Written by: Evan Lowenstein
I hope I can be permitted to indulge myself in some reminiscing because this year I turned the corner and hit the age of 60.
Not normally a reflective person, it is now perhaps opportune to take a short look back and relate the best things about working as an accountant to you. To many of you I have been your trusted and hardworking accountant for many years, having started way back in November 1985.
By far these two years living with COVID-19 have been the hardest that I can recall.
We have been fortunate that we have had a remarkable Federal government response to the pandemic that has saved many businesses, livelihoods and people from going under.
However, the pandemic has added many stresses and strains to an already difficult situation for our many creative clients but I am strengthened and heartened to be of service to so many of you and you, in turn, have really supported us as well, for which we are indeed thankful.
It is especially rewarding to work in a niche area like the arts which is a passion of mine both personally and professionally. It is just amazing to see so many of my wonderful artist friends and clients doing so well in the very difficult environment in which we find ourselves. In a way, even though we have different vocations, we have developed together in age as well as experience – effectively growing older together.
To be witness to the growth of their careers and personal development is indeed very rewarding.
To have been given the opportunity to work as a professional in the arts by my father, Tom, the founder of Lowensteins Arts Management and its predecessor (Lowenstein Sharp) is a great honour and I hope I can value his legacy by continuing to be of great service to our clients.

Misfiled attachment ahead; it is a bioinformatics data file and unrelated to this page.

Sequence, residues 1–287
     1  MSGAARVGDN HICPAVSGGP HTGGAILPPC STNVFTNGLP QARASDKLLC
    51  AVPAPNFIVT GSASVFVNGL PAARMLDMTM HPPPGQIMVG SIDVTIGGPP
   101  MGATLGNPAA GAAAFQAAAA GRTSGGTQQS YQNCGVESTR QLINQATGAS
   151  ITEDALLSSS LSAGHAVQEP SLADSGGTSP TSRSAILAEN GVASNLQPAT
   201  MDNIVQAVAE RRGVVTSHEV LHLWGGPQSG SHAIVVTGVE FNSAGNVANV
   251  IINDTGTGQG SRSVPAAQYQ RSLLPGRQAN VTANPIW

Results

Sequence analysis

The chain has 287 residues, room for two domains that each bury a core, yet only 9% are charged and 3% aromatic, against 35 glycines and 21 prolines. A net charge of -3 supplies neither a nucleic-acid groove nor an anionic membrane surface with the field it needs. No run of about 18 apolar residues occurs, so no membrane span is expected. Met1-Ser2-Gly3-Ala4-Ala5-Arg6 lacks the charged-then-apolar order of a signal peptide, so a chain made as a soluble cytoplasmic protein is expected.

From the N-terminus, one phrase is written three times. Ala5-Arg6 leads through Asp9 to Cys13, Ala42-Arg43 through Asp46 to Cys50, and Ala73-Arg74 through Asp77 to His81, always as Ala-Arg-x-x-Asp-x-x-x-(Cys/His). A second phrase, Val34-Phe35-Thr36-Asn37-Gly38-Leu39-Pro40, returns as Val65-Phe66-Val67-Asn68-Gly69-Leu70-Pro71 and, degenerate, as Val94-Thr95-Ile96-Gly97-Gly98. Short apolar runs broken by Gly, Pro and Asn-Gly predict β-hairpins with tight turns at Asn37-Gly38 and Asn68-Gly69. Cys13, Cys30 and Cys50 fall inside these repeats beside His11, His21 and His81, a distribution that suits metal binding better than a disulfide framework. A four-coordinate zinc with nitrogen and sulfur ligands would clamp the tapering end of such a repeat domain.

I also remind clients of the book, Lovers and Others Tom’s autobiography, that he has just published. Although we had to delay the official launch for a month, the book offer is on page 1.
At Lowensteins Arts Management I have a wonderful staff and am indeed fortunate to be surrounded by great fellow partners and staff who have been only supportive and great in sharing the vision of being a true firm of service and hard work.
Finally, on a lighter note, I reminded myself of an incident that occurred when I was starting out as an accountant and I was doing a simple tax return for a young artist.
When it came to asking him about the equipment that he had purchased and whether he had any receipts, for the claims he wished to make for the equipment, his response was: “No, I stole most of them!”
It was then that I knew I wanted to make a career in the arts.